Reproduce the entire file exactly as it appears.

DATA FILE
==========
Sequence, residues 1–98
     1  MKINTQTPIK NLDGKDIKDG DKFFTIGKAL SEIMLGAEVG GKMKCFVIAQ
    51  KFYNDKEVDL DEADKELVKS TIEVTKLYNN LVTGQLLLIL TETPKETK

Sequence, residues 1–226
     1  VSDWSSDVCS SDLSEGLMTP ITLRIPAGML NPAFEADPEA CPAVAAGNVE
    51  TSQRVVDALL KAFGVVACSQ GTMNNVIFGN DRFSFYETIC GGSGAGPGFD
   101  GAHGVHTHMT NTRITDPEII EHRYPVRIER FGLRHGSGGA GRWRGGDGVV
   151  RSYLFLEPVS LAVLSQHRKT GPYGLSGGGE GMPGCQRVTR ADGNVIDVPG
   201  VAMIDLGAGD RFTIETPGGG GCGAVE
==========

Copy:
Sequence, residues 1–98
     1  MKINTQTPIK NLDGKDIKDG DKFFTIGKAL SEIMLGAEVG GKMKCFVIAQ
    51  KFYNDKEVDL DEADKELVKS TIEVTKLYNN LVTGQLLLIL TETPKETK

Sequence, residues 1–226
     1  VSDWSSDVCS SDLSEGLMTP ITLRIPAGML NPAFEADPEA CPAVAAGNVE
    51  TSQRVVDALL KAFGVVACSQ GTMNNVIFGN DRFSFYETIC GGSGAGPGFD
   101  GAHGVHTHMT NTRITDPEII EHRYPVRIER FGLRHGSGGA GRWRGGDGVV
   151  RSYLFLEPVS LAVLSQHRKT GPYGLSGGGE GMPGCQRVTR ADGNVIDVPG
   201  VAMIDLGAGD RFTIETPGGG GCGAVE